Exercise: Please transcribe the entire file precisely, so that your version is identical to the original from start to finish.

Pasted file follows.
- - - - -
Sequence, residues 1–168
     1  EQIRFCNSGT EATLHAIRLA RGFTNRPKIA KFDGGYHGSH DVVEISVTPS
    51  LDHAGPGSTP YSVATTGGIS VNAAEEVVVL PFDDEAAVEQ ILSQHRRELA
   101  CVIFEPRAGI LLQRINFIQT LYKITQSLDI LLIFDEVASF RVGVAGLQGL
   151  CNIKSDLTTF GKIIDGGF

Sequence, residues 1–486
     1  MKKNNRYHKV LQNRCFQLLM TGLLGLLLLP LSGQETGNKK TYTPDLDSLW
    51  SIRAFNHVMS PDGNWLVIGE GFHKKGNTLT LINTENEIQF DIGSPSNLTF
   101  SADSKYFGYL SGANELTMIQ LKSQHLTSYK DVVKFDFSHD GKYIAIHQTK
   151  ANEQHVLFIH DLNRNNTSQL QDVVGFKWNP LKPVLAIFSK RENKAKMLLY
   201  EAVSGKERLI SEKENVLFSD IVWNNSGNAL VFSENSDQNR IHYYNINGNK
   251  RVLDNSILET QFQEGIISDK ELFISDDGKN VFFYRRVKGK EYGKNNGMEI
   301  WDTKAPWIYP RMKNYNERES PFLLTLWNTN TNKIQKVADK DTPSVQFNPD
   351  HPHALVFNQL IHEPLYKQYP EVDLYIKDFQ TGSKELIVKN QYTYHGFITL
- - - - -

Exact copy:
Sequence, residues 1–168
     1  EQIRFCNSGT EATLHAIRLA RGFTNRPKIA KFDGGYHGSH DVVEISVTPS
    51  LDHAGPGSTP YSVATTGGIS VNAAEEVVVL PFDDEAAVEQ ILSQHRRELA
   101  CVIFEPRAGI LLQRINFIQT LYKITQSLDI LLIFDEVASF RVGVAGLQGL
   151  CNIKSDLTTF GKIIDGGF

Sequence, residues 1–486
     1  MKKNNRYHKV LQNRCFQLLM TGLLGLLLLP LSGQETGNKK TYTPDLDSLW
    51  SIRAFNHVMS PDGNWLVIGE GFHKKGNTLT LINTENEIQF DIGSPSNLTF
   101  SADSKYFGYL SGANELTMIQ LKSQHLTSYK DVVKFDFSHD GKYIAIHQTK
   151  ANEQHVLFIH DLNRNNTSQL QDVVGFKWNP LKPVLAIFSK RENKAKMLLY
   201  EAVSGKERLI SEKENVLFSD IVWNNSGNAL VFSENSDQNR IHYYNINGNK
   251  RVLDNSILET QFQEGIISDK ELFISDDGKN VFFYRRVKGK EYGKNNGMEI
   301  WDTKAPWIYP RMKNYNERES PFLLTLWNTN TNKIQKVADK DTPSVQFNPD
   351  HPHALVFNQL IHEPLYKQYP EVDLYIKDFQ TGSKELIVKN QYTYHGFITL